In masks but on stage: Drama students put on fall play ‘A Midsummer Night’s Dream’

November 19, 2021 — by Lena Aribi, Christopher Chen and Stephanie Sun
Freshman Krishnen Khanna plays Lysander, who has fallen in love with senior Gianna Cagliostro’s character Helena.
Premiering In the McAfee Center on Nov. 12, the show is performed to in-person audiences and live-streamed to a virtual audience.

As blue and green stage lights gradually brightened in the McAfee Center the past two weekends, students dressed in loose fairy-like clothing skipped onto the dark green stage and danced around in circles, their giggles filling the theatre. This was the opening scene of this year’s fall play, William Shakespeare’s “A Midsummer’s Night Dream,” which premiered as the school’s first drama production since the pandemic hit. 

Around 130 people watched the show in-person on opening night, a slightly smaller audience turnout compared to previous years, while 13 people watched via the livestream — a number that remained consistent throughout the five performances. The actors staged their final production on Nov. 20, with other shows on Nov. 11, 12, 13, 18 and 19.

“A Midsummer Night’s Dream” follows the story of a love rectangle between Hermia (sophomore Ella Tamas King), Lysander (freshman Krishnen Khanna), Helena (senior Gianna Cagliostro) and Demetrius (senior Jack Bulas). The play is set in the woods of Athens that Hermia and Lysander have run away to and Demetrius and Helena have followed. 

The play, a comedy, is outlandish and fantastical, especially in scenes with the fairies, but comical whenever an acting troupe of the laborers shows up. Although there are more dramatic moments, such as when the king of fairies, Oberon, played by senior Taylor Zhou, announces his plan to Puck, his right-hand fairy, with evil laughter or when the four lovers have brief fights, the overall tone of the play is light.

According to junior Olivia Smith, who played Puck, the play presented the actors with an unique challenge: to ensure that the audience understands the gist of the action occurring onstage despite the complex nature of Shakespearean language.

Despite initial worries, Smith was relieved that the audience was able to follow and understand the actions onstage.

“We are particularly proud of any stage combat that’s included in the show,” Smith said. “We got a couple gasps out of the audience when a couple of actors were fighting, so I think we were pretty realistic, which is the goal.”

Smith said she and others in the cast experienced pre-show jitters due to the experience of having a live performance for the first time in almost two years.

“Overall, everyone had a lot of nerves on opening night because we forgot how nerve-wracking it can be to hear a live audience in the theater,” she said. “It wasn’t necessarily difficult, but we had to work harder to get into the right mindset for a live performance.”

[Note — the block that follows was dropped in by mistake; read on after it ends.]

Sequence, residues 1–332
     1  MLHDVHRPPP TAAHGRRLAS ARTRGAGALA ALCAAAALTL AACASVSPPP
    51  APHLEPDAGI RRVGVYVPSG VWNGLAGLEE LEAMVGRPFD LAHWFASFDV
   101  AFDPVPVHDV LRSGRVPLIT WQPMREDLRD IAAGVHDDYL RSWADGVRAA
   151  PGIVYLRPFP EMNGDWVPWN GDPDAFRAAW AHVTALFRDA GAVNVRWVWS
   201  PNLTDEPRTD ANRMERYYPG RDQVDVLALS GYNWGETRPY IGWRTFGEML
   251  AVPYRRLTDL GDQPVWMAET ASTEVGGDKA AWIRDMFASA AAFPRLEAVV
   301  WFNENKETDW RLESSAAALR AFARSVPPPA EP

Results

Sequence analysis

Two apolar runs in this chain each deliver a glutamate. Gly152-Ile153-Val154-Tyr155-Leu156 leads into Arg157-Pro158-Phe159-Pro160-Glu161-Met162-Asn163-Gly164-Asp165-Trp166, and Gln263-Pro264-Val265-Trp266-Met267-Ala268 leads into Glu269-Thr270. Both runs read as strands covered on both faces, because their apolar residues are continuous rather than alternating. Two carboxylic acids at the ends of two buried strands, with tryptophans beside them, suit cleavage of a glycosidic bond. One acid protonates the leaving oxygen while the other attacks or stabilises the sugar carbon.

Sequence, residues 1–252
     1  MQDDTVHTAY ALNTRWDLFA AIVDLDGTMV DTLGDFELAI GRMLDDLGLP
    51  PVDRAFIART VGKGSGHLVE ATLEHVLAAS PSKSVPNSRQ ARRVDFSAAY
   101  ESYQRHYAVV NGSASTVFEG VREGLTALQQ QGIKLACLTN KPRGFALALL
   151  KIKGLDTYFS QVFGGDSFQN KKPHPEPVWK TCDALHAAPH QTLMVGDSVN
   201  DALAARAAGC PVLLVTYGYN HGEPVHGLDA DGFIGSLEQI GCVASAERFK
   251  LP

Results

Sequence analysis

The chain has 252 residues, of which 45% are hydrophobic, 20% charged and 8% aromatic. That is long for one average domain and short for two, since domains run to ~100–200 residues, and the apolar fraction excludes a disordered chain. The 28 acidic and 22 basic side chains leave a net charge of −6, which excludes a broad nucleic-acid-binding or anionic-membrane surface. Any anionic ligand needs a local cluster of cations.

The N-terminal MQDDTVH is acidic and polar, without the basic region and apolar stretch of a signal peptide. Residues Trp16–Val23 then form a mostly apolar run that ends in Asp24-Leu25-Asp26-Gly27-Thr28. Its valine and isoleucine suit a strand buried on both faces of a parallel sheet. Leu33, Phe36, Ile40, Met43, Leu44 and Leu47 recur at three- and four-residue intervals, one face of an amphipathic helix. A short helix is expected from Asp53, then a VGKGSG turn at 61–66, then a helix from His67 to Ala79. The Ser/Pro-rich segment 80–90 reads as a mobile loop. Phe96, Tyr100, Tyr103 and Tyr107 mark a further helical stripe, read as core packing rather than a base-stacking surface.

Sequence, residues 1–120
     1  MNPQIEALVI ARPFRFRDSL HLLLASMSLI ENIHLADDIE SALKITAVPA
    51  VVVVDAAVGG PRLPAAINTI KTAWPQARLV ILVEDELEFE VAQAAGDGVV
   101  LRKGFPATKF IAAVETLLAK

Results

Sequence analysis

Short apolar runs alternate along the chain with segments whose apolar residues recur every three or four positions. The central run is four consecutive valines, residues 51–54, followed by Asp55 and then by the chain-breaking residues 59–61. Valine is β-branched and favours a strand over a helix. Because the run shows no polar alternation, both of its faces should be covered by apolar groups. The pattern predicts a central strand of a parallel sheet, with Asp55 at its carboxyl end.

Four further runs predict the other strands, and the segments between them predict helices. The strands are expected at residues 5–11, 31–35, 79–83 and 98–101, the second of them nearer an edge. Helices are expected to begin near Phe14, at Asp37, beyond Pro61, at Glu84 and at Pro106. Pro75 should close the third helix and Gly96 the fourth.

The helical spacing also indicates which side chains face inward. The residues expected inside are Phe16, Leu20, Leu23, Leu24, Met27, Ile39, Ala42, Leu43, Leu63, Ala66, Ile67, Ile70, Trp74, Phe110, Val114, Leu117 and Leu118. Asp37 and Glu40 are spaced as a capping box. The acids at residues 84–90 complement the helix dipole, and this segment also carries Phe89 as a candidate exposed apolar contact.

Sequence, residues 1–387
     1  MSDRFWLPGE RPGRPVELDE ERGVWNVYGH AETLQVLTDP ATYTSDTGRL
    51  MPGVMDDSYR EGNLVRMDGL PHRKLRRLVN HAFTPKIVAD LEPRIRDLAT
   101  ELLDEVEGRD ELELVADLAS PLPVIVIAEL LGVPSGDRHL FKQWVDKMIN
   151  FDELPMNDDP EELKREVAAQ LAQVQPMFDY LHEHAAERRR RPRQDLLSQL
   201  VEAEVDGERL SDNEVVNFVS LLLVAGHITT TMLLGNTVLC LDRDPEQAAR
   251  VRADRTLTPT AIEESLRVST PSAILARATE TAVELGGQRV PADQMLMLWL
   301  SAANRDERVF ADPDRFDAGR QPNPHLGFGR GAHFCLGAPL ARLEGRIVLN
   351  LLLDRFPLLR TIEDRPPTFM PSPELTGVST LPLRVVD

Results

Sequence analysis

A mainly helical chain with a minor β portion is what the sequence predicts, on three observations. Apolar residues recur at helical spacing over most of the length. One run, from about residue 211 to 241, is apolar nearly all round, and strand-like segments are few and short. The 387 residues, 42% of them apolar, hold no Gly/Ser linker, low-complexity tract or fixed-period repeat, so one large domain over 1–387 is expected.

To combat this issue, drama director Benjamin Brotzman took the crew through energy-focused warmups that calmed them and helped them focus on acting, blocking out extraneous thoughts about school or homework.

All actors and audience members were required to wear masks for the duration of the play in order to comply with current COVID-19 restrictions. Due to these restrictions, actors had to be careful when they sang or laughed because “it’s challenging to do so without making loud breathing noises into the microphones,” Smith said.

The McAfee has a sound system that picks up microphones’ audio and projects it to the audience, but depending on the direction actors spoke, the degree of amplification varied — a discrepancy that was especially noticeable when actors were walking back and forth on stage. The footsteps of the actors were also easily picked up by the microphones, often muffling their voices. On opening night, multiple loud booms echoed through the theater as a result of audio feedback. 

Freshman Diya Kapoor, a member of the technician crew and the technical theater class, elaborated on this challenge, noting that it was difficult to make sure that all the microphones were placed securely on the actors and didn’t interfere with their masks. 

“Sometimes during the performance, the microphone would make a big thump. Other times it would not be placed correctly or something would happen to the microphones — like the microphone dying,” Kapoor said.

Although the crew faced technical difficulties and a post-pandemic learning curve, she said the drama students were still able to put on an amazing performance and improvise with what they had.

“I think our strength lies in how we are able to come together and work well as a team,” Kapoor said. “For what it has started as, this play as a whole has come so far and I’m proud of this entire cast and crew.”

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